Today's "Greening Mardi Gras" conference launches an initiative to make Carnival financially and ecologically better for Louisiana.

Photo of sample throws from ZomBeads
Possible future Mardi Gras throws from

"The show, not the throw. The throw becomes the photo you want, that Facebook picture. They want to say, 'Look at this exciting stuff I did' versus bringing a pile of beads back to Buffalo, New York and saying, 'Look how cool Mardi Gras is.'" 

Katrina Brees is reflecting on the Mardi Gras dilemma: Beads. The excitement's in the anticipation and the catching. Once a parade is done, the tangible evidence of the fun is a bag of beads that are far less interesting than they were on the float and in the air. She hopes to change the emphasis of Mardi Gras starting today with "Greening Mardi Gras: A Conference on Ecological and Economic Transformation" at Cafe Istanbul from 5:30 to 7:30 p.m.

Brees moved from Boston to New Orleans 10 years ago to get involved in costume design, and she fell in love with Mardi Gras, so much so that she formed her own marching group, the Bearded Oysters Parade Club. Since then, she has been involved in more than 100 parades as a performer or a costume or float designer. She got her MBA at UNO and has tried to use her business knowledge to improve the environment, particularly in the Mardi Gras business. 

Her concern is that Carnival has stagnated, motivated by the desire to be bigger rather than better, or by assuming that "bigger" is the same as "better." Floats and costumes have become interchangeable, Brees says, so much so that it would be hard to tell one year's parade from another based on photos. "When you look at the floats being put out in Venice and Rio, it makes our floats look like a yard sale," she says. "Because we're taking the focus away from the art and the creativity and putting so much effort into beads and making that the focus, we're losing our cultural heritage." 

One of the focuses of today's conference is on throws, which Brees finds unsettling on a number of levels. The 2005 film Mardi Gras Made in China documents the sweatshop labor required to make the throws that are a staple of Carnival. Much of that pain and struggle is for nothing, she says, referring to a study of Carnival throws that says the superkrewes throw $50,000 worth of throws in a block. That inevitably leads to the phenomenon on a multi-parade night of people losing interest as the night wears on in all but the most special beads. Much of what is bought and thrown hits the ground, where it becomes trash. She'd rather see crews throw fewer, more unique beads that are a product of a local industry.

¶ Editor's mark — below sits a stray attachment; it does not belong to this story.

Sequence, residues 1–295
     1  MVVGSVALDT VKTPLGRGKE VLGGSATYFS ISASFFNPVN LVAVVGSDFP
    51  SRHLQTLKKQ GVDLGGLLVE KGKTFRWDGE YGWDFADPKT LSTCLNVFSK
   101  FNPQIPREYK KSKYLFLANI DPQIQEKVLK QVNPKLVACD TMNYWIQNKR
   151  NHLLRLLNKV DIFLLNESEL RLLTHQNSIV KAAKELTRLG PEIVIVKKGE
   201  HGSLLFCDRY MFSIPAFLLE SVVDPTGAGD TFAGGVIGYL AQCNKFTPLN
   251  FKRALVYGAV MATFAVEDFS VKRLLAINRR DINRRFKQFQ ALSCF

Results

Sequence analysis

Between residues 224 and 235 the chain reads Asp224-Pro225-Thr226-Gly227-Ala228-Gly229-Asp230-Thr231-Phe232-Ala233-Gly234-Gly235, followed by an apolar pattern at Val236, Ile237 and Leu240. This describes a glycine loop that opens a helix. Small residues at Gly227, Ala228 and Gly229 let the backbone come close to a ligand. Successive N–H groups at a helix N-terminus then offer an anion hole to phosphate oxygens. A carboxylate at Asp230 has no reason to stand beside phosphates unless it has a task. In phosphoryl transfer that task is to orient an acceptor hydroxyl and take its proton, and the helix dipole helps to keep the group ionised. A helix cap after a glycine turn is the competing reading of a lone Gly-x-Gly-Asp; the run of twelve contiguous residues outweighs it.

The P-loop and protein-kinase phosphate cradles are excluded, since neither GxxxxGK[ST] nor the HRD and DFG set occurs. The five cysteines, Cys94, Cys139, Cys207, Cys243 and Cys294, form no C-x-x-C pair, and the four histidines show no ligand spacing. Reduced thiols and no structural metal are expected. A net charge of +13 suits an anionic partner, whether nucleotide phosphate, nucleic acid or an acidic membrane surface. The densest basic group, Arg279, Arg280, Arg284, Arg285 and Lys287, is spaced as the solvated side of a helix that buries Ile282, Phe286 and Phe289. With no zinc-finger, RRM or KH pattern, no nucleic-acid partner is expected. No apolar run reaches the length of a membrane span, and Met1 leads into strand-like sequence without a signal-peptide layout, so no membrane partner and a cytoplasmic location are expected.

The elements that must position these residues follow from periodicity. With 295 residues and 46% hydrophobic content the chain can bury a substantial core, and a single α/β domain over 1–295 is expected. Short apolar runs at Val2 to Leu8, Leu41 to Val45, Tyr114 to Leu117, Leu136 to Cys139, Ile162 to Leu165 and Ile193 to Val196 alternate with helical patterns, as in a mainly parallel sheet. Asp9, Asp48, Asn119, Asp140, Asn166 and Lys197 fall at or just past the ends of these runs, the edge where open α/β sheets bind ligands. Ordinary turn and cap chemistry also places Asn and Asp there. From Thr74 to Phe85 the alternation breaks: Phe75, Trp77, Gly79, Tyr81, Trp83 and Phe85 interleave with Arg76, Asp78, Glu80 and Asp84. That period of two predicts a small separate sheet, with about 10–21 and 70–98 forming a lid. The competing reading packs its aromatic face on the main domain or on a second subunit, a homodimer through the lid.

"We're not trying to get rid of beads or tell people that they're bad," Brees says. "We're trying to get people to make choices." At the same time, she understands how the shift to Chinese beads came about. "The whole country went this way. The highway to China was easy to get on."

Her goal is to establish a new cottage industry for throws in Louisiana, and today she launches her new website, - a shopping portal for those looking for an alternative to buying Chinese throws from Accent Annex and other bead retailers. On the site, ARC of New Orleans sells recycled beads, which provides year-around income for those who sort the beads; and "A Taste of Louisiana" takes the Moon Pie concept one step farther. It offers a variety of edible products as throws including seasoning mixes, ground coffee, hot sauce and hot nuts. is a marketplace for artisans who recycle materials into Mardi Gras throws. These throws are made to be competitively priced and can be mass produced. Brees doesn't expect the first year buy-in from the krewes to be overwhelming, but she insists that everyone involved has lined up the labor necessary to help make these throws should demand be substantially larger than expected.

She believes that these initiatives are just the start, and that others will become involved in the alternative throws industry. Brees hopes that they will help refocus Mardi Gras parades on the magic moment when someone on the float connects to someone in the crowd and tosses him or her a specific throw. That magic, she insists, is the the real thing. "The beads are a fake," she says. "We pretend they have value; they have no value."   

Today's conference will be a trade show and panel, partly to launch the site and the idea of alternative Carnival throws, and to discuss the issues connected to Chinese-sourced throws. A representative from Rex will be a part of the panel, which is important to Brees. "Rex being on board with this says it's clearly not just a hippie movement anymore," she says. She stresses that neither she nor anybody else in the movement is attacking Mardi Gras. "Every person involved loves Carnival. Nobody is out to destroy it. We only want it to benefit our community more greatly."